Last month, Google (finally) released Drive File Stream. Unlike the Drive Sync Client it replaces, Drive File Stream provides “mapped drive” access to files in Drive. In doing so, you can browse, search, and use Drive like you would any mapped drive through Windows File Explorer and Finder on Macs. By mapping and using a cache, you have access to all of your Drive contents without having to sync all of your content to your device. While you can still select files and folders to sync for offline access, the Drive File Client gives you and your local applications access to your files in Drive.
The Real Value is with Team Drives
As a second improvement over Drive Sync Client, Drive File Stream connects you to both your “My Drive” and “Team Drive” hierarchies. The integration with Team drives, in particular, adds specific value. Team Drives provide file sharing hierarchies that include many traits of a traditional file serves. With Team Drives, the system owns the space and administrators centrally manage permissions. You can grant members of Team Drives limited administrative rights and you can control which members can view, comment, and edit files and folders. Permissions are hierarchical with inheritance pushing permissions down to subfolders and files.
Combining Team Drives and Drive File Stream gives you a “file server like” experiences. You use your local apps, browsing and searching for files in Explorer or Finder. You open, work with, and save files like you do for local files and files on traditional file servers. You manage permission by Team Drive and your folder hierarchy. And while you do not have all of the granularity with Team Drives as you do with a Windows File Server, for example, you have enough to build a managed file service. Because of the differences in permissions granularity, you are more likely to have more Team Drives than you might have top level folders on a traditional file server.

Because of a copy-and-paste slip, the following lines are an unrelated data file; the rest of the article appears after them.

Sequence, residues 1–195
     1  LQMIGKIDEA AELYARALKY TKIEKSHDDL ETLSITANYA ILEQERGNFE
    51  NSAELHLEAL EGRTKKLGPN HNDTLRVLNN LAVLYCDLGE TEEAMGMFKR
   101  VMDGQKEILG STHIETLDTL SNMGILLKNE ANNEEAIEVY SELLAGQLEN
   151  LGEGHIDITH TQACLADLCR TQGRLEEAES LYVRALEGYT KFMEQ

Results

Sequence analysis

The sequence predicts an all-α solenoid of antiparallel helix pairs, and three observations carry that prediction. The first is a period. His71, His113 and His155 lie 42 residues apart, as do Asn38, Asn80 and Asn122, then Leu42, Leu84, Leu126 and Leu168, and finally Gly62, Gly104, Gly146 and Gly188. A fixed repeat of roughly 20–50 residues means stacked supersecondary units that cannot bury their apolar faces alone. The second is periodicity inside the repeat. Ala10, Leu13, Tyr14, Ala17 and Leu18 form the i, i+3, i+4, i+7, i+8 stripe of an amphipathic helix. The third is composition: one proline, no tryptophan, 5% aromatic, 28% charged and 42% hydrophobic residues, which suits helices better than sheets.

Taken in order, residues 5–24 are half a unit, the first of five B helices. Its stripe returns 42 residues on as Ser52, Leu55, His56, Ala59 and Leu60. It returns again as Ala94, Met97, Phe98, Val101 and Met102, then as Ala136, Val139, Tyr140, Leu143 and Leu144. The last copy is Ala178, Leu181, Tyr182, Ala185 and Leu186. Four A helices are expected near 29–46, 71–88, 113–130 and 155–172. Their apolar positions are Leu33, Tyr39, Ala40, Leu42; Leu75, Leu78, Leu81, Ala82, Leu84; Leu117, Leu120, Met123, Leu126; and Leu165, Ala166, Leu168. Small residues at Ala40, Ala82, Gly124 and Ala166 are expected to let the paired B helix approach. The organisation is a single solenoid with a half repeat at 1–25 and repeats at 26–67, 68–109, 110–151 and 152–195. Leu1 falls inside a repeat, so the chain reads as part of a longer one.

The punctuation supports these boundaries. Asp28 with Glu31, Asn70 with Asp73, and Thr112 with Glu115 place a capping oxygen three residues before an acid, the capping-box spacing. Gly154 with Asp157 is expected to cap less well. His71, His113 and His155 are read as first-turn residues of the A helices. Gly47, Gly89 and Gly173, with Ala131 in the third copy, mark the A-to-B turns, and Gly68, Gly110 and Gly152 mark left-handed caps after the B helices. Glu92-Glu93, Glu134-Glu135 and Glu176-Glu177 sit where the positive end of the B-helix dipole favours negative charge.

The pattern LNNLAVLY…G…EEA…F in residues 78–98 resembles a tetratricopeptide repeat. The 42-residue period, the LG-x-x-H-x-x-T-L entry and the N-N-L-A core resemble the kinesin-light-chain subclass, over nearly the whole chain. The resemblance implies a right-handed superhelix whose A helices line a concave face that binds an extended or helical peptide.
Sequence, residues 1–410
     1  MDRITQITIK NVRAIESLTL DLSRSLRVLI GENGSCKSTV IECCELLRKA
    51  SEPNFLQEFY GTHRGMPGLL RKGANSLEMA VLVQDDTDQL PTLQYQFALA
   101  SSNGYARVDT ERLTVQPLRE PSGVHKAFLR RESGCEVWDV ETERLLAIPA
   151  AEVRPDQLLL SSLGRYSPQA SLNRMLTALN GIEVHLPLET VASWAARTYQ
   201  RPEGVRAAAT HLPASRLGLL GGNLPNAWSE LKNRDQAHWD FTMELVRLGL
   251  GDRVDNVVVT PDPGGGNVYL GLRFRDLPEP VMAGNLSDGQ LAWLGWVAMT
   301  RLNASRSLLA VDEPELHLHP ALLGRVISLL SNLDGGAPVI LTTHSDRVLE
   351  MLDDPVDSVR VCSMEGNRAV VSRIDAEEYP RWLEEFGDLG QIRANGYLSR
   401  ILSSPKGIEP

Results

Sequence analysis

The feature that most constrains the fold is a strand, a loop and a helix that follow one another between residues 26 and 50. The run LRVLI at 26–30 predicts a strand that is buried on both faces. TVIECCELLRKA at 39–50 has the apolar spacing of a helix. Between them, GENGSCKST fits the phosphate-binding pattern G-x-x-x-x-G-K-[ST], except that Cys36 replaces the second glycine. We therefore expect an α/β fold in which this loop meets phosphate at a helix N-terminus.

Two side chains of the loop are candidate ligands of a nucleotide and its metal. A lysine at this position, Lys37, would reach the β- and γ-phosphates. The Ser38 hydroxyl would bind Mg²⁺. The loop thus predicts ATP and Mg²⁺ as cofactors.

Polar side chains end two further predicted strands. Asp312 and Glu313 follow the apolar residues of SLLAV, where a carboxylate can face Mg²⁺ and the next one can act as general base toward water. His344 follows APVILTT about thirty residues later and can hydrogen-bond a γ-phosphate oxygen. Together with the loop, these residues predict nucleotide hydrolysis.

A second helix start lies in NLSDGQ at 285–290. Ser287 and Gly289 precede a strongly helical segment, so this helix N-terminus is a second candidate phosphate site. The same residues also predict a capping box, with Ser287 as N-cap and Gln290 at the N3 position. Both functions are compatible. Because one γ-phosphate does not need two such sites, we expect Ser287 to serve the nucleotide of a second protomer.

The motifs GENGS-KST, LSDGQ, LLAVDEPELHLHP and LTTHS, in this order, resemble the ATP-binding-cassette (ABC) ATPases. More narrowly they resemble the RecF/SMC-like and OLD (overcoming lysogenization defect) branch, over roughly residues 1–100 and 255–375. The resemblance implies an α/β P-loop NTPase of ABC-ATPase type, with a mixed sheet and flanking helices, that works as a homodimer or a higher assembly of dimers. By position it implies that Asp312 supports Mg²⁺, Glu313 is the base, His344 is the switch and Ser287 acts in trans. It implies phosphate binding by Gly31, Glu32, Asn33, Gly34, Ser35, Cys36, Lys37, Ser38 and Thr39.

Does Team Drives + Drive File Stream = File Server?
Combining Team Drives and Google File Stream does not give you all of the features and functions of a traditional file server. By creating a managed file service, however, you do have the power to manage access and use of your data and information. And better than a traditional file server, your managed file service will server the needs of user with local, traditional applications and those working in the cloud.
Best Practice: Plan your team memberships and permission, hierarchies, and management strategies before you start building your Managed File Service using Team Drives and Drive File Stream. Contact us for a Cloud Advisory session to discuss your needs and project.